Potty training is a time of joy and excitement – just kidding! Potty training problems are a huge pain in the butt (when you take into consideration the constipation angle, it’s a literal pain in the butt). Children have minds of their own. And some are just not down with the doo-doo. This is especially true if your child has one of the four “potty resistant” personalities that haunt parents (and stain underwear). But these personalities aren’t written in stone: there are solutions to the stubborn!
Before we get to that, remember that any toddler of any personality type can have a lapse in potty training. Even doing something like going on vacation can interrupt a regularly scheduled bathroom break. When this happens, it’s important to take accidents as they come and make sure they’re not made into a big deal.
And now back to the four “potty resistant” personalities. These personalities are based on Dr. Ari Brown, M.D.’s observation. She’s a Pediatrician and author of Baby 411 and Toddler 411.
The Absent-Minded Professor:
The Absent-Minded Professor is a child who simply forgets to listen to their body. These are kids who are enjoying their lives and don’t care when nature comes knocking: they don’t answer her call no matter the urgency. So, how do moms and dads get them to turn their attention to the toilet? A kitchen timer or a stopwatch works well. Set it regularly and put your child on the toilet whenever it goes off. This helps remind the Absent-Minded Professor that there’s things to “do-do.”
The Terrified Toddler:
From alligators in the sewer to pipe monsters living inside the toilet, the potty is scary for some. The Terrified Toddler is so scared, in fact, that they’ll avoid the toilet whenever possible. The best way to thwart this fear is to use creativity as your ally. Why does the toilet flush so loudly? Because that scares away the pipe monster and keeps the potty safe!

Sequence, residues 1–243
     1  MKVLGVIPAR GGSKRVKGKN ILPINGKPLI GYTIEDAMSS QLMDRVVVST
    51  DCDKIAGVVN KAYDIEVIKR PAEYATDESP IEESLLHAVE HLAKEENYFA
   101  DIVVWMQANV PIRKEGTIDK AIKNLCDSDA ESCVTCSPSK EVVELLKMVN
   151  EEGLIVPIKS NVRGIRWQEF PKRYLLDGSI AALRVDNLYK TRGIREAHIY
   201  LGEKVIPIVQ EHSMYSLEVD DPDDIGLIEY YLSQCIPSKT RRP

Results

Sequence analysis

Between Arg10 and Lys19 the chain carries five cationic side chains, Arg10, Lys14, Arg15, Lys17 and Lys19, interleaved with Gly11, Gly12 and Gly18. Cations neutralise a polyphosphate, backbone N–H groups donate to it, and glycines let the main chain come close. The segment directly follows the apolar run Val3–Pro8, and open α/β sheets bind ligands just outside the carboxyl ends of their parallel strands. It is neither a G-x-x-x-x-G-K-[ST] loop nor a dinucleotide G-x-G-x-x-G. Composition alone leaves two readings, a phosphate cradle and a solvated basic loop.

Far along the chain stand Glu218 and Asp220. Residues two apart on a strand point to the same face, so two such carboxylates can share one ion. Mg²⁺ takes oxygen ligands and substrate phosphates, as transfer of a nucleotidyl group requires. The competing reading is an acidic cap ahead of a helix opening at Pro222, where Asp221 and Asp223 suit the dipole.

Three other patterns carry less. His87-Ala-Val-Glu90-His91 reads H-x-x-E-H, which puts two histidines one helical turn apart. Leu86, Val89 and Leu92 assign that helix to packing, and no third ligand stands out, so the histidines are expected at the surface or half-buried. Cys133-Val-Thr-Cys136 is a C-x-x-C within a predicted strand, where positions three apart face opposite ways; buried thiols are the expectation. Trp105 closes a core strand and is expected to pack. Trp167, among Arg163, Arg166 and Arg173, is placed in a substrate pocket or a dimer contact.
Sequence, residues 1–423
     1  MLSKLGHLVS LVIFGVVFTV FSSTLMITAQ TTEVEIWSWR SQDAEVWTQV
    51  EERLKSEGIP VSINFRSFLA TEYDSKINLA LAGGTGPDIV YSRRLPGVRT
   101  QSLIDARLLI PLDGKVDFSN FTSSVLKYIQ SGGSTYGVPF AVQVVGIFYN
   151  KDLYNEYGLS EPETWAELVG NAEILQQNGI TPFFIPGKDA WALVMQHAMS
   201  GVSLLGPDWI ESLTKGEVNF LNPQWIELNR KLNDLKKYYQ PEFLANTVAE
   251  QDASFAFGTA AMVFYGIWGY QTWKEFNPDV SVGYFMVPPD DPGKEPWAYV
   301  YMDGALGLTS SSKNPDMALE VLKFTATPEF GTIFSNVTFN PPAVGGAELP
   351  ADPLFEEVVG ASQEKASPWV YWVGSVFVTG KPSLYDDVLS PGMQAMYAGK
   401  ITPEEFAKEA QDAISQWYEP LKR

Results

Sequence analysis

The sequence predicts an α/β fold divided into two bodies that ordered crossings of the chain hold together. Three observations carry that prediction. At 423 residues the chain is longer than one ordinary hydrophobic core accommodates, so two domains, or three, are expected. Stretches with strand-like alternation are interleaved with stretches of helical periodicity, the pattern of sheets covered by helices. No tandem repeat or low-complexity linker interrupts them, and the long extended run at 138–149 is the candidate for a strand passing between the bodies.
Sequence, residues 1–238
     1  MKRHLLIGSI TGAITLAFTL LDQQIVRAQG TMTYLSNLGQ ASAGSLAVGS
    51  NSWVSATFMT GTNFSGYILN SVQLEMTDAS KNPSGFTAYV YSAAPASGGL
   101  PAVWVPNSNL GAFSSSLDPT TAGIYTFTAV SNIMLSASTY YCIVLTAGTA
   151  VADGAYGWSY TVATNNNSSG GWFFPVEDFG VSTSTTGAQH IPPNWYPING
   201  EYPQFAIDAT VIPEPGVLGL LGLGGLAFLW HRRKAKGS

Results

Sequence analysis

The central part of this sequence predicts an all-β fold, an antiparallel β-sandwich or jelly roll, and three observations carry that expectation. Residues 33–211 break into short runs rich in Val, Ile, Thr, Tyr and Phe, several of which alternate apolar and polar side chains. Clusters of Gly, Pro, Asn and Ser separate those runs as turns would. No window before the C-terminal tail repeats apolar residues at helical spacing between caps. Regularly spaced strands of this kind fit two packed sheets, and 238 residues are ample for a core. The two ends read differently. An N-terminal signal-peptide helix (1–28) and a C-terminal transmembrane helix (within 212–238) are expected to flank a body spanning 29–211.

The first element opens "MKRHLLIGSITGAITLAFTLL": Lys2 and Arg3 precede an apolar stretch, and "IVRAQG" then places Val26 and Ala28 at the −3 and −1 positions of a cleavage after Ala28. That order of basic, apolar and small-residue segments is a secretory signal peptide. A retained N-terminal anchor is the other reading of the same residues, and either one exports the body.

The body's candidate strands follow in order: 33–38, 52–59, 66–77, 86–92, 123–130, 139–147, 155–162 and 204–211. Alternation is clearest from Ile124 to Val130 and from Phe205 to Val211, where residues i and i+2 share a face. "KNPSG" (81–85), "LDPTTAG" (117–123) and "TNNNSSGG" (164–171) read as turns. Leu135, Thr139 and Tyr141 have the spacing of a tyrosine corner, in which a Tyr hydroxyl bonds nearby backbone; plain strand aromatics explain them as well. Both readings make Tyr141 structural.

The Control Freak:
The Control Freak is the type of child who won’t use the potty simply because their parents tell them to. These children resist because they want to get their way (and their way is pooping in their pants where it’s nice and convenient). Yet there are tricks to training the stubborn: they like control so give it to them! Let them lead the potty training charge and, importantly, let them clean up their own accidents too.
Children adopt The Withholder persona when they experience a painful bowel movement or uncomfortable urination. This unpleasantness leaves them afraid to use the bathroom – it hurt once, so they assume that it will hurt again. For these kids, ask a doctor for a gentle laxative or high-fiber recommendations. A diet that helps perpetuate poop will make the potty be a more comfortable experience.
If your child is one of those described above, potty training might be more aggravating than usual. But, remember, patience is a virtue – they’ll get there eventually. Potty training doesn’t take forever, even though at times it feels as if it does.